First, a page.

Professor Michelle R. Scott’s teaching and research interests include 20th-century United States history, African American history, women’s history, black musical culture, and civil rights. Professor Scott is an affiliate full professor in the Africana Studies department, the Gender ,Women’s + Sexuality Studies department, and the Language, Literature, and Culture Doctoral Program. She mentors Historical Studies master’s and LLC doctoral students, particularly in women’s and African American history. Former students have gone on to graduate programs at institutions such as Georgia State University, American University, Morgan State University, and Ohio State University.
Dr. Scott is the recipient of an Institute of Citizens and Scholars (Woodrow Wilson National Fellowship Foundation) Career Enhancement Fellowship, a Smithsonian Institution Senior Fellowship, and a Dresher Center Fellowship. She won the 2015 Univ. of Maryland Regents’ Award for Excellence in Mentoring, was the 2015-2018 UMBC Presidential Teaching Professor, and was awarded the 2017 Letitia Woods Brown Article Prize for the best article in African American Women’s History from the Association of Black Women’s Historians (ABWH).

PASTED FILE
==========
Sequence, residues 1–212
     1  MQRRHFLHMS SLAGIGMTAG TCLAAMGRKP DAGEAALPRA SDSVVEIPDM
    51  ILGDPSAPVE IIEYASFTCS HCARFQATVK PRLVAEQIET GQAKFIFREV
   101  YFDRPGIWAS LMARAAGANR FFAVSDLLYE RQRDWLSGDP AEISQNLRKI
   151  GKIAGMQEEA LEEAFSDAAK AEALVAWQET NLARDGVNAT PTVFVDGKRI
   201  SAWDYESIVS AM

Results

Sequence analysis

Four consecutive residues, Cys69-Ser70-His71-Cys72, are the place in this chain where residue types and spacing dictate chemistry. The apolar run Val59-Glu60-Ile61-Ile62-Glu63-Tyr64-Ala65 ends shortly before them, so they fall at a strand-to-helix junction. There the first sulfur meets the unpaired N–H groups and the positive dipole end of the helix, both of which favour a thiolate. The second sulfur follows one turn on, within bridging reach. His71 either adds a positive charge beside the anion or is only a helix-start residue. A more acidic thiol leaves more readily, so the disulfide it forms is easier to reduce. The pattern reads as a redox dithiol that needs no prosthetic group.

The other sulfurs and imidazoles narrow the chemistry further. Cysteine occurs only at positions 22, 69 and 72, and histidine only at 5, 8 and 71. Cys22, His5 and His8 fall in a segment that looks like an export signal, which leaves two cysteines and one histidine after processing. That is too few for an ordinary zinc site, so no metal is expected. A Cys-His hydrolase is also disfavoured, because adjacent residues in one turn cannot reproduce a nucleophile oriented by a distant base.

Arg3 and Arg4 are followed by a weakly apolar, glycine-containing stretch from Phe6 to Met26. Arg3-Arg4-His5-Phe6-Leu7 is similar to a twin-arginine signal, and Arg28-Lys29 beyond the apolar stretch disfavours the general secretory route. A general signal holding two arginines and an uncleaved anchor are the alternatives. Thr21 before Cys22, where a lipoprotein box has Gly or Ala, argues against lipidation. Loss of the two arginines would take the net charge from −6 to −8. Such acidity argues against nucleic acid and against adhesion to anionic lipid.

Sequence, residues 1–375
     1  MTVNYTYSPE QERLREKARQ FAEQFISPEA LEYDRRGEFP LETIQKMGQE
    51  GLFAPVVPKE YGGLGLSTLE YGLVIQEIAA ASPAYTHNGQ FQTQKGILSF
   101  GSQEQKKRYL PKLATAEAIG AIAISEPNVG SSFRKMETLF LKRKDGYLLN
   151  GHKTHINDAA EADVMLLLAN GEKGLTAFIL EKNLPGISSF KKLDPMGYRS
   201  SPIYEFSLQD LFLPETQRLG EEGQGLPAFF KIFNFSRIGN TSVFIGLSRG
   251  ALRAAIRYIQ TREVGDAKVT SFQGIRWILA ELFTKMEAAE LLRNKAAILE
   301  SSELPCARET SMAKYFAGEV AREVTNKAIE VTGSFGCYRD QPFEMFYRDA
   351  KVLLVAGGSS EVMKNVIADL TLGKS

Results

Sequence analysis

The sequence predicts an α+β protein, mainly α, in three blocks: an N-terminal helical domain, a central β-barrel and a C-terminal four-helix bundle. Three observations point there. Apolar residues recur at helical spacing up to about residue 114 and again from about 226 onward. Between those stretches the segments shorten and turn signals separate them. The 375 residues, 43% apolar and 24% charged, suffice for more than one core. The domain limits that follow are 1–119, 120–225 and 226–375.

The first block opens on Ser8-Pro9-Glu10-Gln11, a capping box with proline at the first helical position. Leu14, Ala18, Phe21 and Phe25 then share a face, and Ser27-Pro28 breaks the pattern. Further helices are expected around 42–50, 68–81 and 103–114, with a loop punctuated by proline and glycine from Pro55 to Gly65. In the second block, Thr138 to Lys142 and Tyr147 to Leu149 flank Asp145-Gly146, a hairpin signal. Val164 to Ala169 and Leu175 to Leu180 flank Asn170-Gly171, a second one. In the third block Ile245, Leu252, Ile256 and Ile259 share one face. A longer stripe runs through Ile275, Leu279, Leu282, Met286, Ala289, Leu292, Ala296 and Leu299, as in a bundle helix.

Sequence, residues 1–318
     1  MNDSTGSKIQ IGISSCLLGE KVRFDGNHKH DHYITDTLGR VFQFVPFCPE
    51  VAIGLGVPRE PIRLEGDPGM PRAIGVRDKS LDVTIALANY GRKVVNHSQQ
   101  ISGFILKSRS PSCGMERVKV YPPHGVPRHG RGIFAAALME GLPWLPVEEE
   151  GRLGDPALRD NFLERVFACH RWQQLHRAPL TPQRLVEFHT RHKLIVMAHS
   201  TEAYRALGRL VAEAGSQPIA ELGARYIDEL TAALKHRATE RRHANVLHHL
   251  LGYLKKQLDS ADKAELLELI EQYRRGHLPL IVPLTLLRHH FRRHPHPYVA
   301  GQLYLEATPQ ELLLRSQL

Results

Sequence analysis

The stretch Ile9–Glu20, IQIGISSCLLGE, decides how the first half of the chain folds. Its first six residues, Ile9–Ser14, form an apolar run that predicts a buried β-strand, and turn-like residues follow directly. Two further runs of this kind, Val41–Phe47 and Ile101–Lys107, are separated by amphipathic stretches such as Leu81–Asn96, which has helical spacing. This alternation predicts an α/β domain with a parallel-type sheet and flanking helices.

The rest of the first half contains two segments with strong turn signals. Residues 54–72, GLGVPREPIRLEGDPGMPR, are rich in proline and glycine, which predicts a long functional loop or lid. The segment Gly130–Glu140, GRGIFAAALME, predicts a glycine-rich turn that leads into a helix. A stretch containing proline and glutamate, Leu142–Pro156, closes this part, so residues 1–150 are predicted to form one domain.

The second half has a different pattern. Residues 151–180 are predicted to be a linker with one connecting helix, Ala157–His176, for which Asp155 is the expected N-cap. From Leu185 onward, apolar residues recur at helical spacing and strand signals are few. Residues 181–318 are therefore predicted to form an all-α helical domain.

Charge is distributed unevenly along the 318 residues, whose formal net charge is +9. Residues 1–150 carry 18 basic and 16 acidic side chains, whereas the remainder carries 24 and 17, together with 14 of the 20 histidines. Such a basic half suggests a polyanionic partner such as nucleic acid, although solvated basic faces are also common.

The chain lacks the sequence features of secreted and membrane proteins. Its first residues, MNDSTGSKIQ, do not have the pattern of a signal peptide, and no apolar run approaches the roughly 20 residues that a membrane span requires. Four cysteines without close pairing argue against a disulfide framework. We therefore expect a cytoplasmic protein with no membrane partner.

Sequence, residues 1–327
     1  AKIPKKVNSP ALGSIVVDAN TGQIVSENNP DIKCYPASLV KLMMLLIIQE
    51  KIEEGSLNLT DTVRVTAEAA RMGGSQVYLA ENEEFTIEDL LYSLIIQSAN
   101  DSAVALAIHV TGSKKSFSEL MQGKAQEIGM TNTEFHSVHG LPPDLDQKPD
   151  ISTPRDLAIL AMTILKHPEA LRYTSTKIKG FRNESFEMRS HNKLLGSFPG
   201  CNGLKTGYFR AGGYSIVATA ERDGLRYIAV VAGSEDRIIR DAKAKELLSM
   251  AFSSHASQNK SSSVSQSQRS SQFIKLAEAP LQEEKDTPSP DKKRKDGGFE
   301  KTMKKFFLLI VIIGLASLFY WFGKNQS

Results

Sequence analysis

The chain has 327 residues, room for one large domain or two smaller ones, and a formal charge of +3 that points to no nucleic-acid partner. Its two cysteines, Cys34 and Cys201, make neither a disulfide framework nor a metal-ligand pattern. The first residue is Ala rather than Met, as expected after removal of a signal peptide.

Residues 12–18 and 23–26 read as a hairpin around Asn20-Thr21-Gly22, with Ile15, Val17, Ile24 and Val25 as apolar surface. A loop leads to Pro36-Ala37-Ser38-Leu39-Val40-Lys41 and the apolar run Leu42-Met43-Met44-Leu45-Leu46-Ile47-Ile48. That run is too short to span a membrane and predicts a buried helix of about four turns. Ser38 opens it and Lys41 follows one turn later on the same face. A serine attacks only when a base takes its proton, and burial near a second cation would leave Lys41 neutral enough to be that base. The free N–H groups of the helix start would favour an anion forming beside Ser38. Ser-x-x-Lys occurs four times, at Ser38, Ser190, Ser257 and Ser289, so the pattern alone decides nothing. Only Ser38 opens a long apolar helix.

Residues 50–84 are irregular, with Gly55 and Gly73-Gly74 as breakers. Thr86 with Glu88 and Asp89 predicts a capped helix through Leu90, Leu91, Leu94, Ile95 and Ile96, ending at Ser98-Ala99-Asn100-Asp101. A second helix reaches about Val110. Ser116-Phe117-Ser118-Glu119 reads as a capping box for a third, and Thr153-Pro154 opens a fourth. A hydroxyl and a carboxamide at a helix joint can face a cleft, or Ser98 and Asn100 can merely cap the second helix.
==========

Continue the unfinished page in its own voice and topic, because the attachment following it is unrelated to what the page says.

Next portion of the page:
Dr. Scott has published in Tennessee Women: Their Lives and Times, (University of Georgia Press, 2009) and is the author of Blues Empress in Black Chattanooga: Bessie Smith and the Emerging Urban South (University of Illinois Press, 2008), a resource for HBO’s film Bessie. Scott’s recent manuscript, T.O.B.A. Time: Black Vaudeville and the Theater Owner’s Booking Association in Jazz Age America, (University of Illinois Press, 2023) is a study of the 1920s national black vaudeville theater circuit that trained Black entertainers including Cab Calloway, Count Basie, Bessie Smith, and the Nicholas Brothers.
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